This Note proposes a model statute requiring states with a high criminal delinquency rate, to implement youth courts in public high schools. The proposed statute would shift responsibility back onto schools, where they will host court sessions for at-risk students. Many states, including New York, have proposed state legislation to decrease the number of students funneled into the school-to-prison pipeline.

Part II of this Note discusses the history of the school-to-prison pipeline and how the war on drugs led to the enactment of zero-tolerance policies in public schools. This part will elaborate on specific zero-tolerance policies for specific schools.

Part III outlines the negative impact of zero-tolerance policies by exploring the presence of police and disparities among race and disabled students. This part explains some programs that were implemented on the basis of increasing the school-police presence.

Part IV explains the significance of community-based youth courts, along with legislative support.

Part V proposes an alternative to the traditional juvenile justice system.

Part VI is a model statute specifically implementing school-based youth courts.

Part VII will address counterarguments that may arise regarding funding for youth courts, along with success rates of these newly implemented school-based youth courts. These counterarguments may entail pushback from educators and community leaders.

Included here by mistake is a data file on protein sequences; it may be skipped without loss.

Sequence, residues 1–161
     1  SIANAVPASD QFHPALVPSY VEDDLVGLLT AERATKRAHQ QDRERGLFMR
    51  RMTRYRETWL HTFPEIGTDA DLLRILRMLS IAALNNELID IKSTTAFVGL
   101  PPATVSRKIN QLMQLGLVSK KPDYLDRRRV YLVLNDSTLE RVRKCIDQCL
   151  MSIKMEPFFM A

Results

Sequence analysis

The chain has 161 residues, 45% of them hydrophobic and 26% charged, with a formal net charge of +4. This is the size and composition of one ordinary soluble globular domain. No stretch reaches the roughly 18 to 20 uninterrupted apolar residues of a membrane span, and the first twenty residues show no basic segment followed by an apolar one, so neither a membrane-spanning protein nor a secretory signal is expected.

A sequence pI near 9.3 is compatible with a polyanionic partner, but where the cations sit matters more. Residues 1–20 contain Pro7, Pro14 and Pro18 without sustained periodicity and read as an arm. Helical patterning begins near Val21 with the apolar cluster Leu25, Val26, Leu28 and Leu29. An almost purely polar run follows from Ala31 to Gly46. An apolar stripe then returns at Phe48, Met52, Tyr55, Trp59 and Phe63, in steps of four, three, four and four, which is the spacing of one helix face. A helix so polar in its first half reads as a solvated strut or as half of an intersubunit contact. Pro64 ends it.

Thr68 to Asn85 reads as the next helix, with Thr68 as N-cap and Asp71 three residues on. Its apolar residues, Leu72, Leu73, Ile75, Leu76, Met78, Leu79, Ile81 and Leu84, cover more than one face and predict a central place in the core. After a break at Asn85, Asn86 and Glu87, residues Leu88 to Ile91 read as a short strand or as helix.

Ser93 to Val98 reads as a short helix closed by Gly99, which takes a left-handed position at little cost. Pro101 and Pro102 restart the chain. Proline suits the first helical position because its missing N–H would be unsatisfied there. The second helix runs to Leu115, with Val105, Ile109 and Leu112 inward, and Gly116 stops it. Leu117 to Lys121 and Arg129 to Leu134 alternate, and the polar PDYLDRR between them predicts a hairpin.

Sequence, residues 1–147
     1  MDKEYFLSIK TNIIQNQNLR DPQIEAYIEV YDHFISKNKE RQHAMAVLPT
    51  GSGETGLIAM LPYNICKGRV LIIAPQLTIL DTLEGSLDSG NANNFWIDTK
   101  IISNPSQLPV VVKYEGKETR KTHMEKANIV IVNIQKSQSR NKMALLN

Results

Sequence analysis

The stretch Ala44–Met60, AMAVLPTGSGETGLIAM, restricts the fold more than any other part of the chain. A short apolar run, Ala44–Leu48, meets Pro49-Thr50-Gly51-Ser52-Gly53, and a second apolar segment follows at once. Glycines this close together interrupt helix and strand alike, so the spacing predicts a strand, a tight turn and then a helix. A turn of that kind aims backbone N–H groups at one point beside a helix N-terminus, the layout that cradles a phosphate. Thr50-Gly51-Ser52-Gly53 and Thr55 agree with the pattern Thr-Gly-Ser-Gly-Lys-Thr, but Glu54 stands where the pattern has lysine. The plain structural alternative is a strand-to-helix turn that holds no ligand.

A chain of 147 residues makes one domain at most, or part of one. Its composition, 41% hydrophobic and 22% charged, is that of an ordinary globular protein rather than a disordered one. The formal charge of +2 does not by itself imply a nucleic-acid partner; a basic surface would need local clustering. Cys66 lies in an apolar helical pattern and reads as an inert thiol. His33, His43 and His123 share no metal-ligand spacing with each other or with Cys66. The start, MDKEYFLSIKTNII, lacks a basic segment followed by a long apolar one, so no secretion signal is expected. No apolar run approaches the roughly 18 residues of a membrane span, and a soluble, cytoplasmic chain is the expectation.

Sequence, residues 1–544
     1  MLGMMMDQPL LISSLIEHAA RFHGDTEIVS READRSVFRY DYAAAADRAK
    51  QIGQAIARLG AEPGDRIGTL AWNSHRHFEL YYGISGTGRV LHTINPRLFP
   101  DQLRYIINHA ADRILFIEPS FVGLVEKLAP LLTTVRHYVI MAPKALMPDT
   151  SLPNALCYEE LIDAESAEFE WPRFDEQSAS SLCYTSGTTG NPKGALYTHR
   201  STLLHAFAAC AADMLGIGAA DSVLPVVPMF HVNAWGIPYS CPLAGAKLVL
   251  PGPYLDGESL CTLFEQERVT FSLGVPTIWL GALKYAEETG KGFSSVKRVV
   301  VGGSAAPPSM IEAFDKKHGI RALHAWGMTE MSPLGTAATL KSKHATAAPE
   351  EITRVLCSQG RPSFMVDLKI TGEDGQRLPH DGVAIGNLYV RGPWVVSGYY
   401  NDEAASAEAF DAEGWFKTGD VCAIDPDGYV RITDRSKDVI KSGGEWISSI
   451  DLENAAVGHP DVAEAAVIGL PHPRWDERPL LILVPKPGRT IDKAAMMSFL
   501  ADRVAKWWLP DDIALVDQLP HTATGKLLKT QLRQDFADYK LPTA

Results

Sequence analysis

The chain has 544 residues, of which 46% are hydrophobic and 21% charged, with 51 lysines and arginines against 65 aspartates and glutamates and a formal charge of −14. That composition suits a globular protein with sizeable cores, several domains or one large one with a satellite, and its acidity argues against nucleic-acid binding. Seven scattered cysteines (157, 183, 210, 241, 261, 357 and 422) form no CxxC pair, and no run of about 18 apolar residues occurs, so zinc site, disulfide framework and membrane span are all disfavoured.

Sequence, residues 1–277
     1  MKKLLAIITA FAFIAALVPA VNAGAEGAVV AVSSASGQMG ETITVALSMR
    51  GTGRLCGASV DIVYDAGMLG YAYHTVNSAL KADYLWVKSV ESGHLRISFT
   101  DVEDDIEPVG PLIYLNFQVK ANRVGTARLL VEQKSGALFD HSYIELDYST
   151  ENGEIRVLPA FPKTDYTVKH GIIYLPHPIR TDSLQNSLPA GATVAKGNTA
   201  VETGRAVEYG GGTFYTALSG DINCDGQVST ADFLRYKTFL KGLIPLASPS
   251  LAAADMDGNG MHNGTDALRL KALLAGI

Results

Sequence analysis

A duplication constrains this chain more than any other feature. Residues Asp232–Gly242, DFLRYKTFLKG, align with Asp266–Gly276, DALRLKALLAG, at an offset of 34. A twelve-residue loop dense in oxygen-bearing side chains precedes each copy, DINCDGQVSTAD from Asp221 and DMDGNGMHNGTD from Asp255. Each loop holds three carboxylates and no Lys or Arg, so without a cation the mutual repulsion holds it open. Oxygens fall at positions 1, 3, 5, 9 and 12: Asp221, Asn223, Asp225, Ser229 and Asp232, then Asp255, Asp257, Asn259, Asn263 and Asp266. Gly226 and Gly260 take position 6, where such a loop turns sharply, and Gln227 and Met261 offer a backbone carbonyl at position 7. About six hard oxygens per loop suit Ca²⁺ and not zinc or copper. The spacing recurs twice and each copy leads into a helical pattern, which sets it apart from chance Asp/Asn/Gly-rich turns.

Part VIII of this Note will conclude by summarizing the benefits of a model statute mandating school-based youth courts in high schools.

[. . .]

School-based youth courts are potentially a powerful system for teachers, administrators, resource officers, and most importantly for students who are searching for an alternative path for disciplinary sanctions. Enforcing a legislative act for the School-Based Youth Court Program would force educators and students to remain accountable for the role they play in a student's misconduct. Students and educators would no longer sweep minor offenses into the juvenile justice system and instead confront the impact of their misconduct. Therefore, a law such as the School-Based Youth Court Program is integral to keeping students in the classroom and keeping them from the grips of the school-to-prison pipeline.


Rainét N. Spence hails from Queens, New York with an ethnic background from Trinidad and Tobago.


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Vernellia R. Randall
Founder and Editor
Professor Emerita of Law
The University of Dayton School of Law